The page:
One of the more problematic aspects of store management arises when older managers are called upon to supervise cadres of younger workers. The situation is particularly acute in food retailing since many stores use numerous teenage workers.
It sometimes happens that store and departmental managers become discouraged by working with young workers, not only because they can be difficult, but because the turn rate is so high it starts to take on the aspect of a Sisyphean task. But there's no doubt that skillful interaction with young workers can increase the satisfaction level of everyone in the store, whether worker, manager or customer. So, if for no other reason, the challenge of successfully managing young workers is worth accepting because satisfied customers tend to be far more valuable customers.
The delicate task of keeping a young workforce content and productive is something that has been on the mind of Chris O'Byrne. He brings a special combination of talents to the situation. He holds a graduate degree in organizational management, teaches middle school in Mulberry, Fla., and works at a Publix Super Markets unit in Lakeland, Fla. Chris has applied his research and teaching experience at the supermarket, and is interested in spreading his findings to others. So, with that in mind, he has prepared for me a primer that distills some of his learnings. And, in many instances, he found the Publix culture a useful adjunct.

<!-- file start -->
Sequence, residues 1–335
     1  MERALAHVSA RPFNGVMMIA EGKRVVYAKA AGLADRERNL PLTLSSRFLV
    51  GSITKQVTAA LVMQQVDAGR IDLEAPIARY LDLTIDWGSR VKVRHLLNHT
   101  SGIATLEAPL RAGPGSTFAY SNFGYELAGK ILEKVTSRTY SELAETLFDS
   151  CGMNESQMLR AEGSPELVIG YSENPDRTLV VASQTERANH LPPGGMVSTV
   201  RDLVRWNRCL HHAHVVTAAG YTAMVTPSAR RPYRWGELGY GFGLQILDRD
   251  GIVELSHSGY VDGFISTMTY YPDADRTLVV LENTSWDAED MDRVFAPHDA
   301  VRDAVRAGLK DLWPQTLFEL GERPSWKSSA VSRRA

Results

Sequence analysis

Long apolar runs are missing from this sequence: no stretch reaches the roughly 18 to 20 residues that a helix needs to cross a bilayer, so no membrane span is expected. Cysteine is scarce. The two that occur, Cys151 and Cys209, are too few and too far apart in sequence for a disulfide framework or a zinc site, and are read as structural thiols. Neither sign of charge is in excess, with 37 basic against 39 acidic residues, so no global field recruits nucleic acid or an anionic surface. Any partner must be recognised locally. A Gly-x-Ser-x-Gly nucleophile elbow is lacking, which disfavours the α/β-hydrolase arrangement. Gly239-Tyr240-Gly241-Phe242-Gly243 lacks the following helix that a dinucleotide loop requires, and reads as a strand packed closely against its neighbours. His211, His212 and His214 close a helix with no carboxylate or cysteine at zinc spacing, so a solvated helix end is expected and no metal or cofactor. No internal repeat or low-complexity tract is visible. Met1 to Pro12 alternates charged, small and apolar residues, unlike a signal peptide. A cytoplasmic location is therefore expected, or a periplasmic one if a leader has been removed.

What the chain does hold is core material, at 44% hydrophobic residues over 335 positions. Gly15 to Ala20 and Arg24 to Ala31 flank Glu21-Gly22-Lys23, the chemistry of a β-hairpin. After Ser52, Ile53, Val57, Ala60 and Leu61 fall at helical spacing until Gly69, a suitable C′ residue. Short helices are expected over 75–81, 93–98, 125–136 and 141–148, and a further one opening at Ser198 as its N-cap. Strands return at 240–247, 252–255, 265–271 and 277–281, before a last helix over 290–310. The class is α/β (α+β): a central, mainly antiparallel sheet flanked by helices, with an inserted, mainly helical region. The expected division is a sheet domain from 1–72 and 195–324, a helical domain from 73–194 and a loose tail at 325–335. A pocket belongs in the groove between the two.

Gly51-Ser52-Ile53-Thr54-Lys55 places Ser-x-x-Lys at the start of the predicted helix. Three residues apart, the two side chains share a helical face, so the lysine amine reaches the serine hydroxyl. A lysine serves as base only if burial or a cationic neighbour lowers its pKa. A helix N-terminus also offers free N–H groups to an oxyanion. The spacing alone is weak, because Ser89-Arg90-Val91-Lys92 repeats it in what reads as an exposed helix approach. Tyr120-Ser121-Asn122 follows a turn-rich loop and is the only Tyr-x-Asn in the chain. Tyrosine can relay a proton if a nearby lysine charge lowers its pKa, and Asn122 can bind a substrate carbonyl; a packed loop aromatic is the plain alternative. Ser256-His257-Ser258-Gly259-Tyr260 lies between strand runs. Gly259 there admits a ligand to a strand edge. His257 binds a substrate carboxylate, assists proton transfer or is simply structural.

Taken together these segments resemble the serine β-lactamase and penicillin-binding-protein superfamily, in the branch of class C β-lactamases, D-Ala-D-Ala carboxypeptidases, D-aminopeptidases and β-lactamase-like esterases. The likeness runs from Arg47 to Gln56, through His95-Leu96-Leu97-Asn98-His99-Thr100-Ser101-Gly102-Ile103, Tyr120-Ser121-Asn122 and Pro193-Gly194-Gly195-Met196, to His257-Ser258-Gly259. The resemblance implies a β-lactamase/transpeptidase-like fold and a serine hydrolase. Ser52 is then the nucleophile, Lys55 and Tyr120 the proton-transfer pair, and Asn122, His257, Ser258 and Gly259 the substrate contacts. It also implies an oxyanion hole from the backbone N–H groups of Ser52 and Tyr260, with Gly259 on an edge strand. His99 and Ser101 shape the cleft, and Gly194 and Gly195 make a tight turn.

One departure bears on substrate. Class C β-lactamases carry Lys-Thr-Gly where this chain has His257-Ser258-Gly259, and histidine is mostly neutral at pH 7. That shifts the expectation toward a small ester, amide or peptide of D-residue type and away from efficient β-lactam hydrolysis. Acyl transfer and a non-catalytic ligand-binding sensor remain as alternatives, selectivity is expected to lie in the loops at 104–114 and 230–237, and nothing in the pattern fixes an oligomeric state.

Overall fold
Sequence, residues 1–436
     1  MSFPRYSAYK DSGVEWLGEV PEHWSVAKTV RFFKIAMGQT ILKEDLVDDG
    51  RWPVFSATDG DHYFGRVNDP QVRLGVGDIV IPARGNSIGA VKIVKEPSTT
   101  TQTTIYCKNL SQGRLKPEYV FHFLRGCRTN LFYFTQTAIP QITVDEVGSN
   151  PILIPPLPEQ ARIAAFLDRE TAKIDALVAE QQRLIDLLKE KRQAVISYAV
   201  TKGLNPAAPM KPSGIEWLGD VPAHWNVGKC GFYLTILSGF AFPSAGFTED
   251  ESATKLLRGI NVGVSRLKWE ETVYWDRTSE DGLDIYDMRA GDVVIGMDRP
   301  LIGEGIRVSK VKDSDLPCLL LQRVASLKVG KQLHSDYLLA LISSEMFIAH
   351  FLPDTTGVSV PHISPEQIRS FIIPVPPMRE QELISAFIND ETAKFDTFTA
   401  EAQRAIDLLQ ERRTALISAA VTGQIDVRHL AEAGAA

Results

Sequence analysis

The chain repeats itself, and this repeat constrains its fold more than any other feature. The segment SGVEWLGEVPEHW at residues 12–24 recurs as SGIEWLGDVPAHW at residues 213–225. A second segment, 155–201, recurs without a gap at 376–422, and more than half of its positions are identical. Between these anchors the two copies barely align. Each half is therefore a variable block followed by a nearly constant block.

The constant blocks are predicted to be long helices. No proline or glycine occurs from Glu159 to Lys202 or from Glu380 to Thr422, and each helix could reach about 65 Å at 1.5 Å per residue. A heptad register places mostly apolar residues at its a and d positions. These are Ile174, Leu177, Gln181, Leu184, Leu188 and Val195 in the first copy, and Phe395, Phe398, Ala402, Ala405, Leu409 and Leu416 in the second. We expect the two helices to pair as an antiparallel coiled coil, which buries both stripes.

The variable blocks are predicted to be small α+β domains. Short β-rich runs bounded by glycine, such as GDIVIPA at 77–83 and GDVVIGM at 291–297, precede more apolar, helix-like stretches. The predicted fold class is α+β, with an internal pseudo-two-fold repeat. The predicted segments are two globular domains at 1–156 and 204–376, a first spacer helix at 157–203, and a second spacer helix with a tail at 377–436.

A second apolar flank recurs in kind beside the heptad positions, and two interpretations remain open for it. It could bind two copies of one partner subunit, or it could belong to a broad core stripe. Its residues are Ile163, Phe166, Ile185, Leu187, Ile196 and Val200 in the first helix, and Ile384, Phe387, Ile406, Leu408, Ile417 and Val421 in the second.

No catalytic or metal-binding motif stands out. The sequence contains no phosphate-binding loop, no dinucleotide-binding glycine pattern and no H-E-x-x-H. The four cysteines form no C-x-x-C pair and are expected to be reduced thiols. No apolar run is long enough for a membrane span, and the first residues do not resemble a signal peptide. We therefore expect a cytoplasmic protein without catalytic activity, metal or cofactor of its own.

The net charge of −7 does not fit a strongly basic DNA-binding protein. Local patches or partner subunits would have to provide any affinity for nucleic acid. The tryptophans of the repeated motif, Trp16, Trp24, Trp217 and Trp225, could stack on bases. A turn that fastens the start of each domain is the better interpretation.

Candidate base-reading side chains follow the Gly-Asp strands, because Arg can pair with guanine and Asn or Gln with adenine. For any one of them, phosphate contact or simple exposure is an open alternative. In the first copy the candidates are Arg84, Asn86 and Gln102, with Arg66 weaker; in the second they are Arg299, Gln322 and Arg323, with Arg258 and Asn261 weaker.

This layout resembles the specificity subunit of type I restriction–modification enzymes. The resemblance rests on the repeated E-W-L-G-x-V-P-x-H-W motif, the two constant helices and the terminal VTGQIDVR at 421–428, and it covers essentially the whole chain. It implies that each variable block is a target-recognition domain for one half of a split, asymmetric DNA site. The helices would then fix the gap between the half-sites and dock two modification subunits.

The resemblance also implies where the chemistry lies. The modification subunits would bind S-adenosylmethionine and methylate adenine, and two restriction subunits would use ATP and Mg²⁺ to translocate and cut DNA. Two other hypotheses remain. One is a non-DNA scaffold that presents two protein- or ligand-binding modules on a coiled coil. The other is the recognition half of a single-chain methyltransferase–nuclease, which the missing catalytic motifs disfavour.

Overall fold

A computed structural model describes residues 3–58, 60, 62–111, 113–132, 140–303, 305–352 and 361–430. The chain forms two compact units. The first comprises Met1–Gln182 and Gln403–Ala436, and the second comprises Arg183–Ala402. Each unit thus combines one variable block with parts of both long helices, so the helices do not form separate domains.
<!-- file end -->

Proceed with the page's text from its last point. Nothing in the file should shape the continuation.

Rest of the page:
Here's an adaptation of what he applies when dealing with younger workers:
Establish credibility: To be a credible manager, it's necessary to act like one. That includes dressing the part, refraining from gossip, and maintaining something of a distance from workers. At Publix, store associates are encouraged to address managers by their last names, which helps.
Expect much: Refrain from putting younger workers in a special class. Assume that they know their jobs and require that they perform them to acceptable standards. Don't make excuses for younger workers' poor performance, or accept it.
Supervise actively: Some managers concentrate on merchandise and marketing, losing track of what's going on in the store. To avoid that, a manager should walk around and see what's going on. Workers should also be asked what they are doing and why it's being done in such a way. The manager must also be mindful to look at areas off the selling floor, such as the back and break rooms.
Reward good work: Be sure to praise desirable behavior. At Publix, managers are authorized to reward desired behavior by giving out tokens that can be redeemed for food at the store's deli. This gives a tangible dimension to praise.
Discipline: Sooner or later, there will be some behavioral breakdown. In anticipation of that, a discipline plan must be in place. It must be written and distributed to workers. It must feature a hierarchy of consequences that is marked by logical escalation. Moreover, it must be consistently and predictably applied.
Documentation: Written records of significant interchanges with workers must be kept. The record should include both the good and the bad.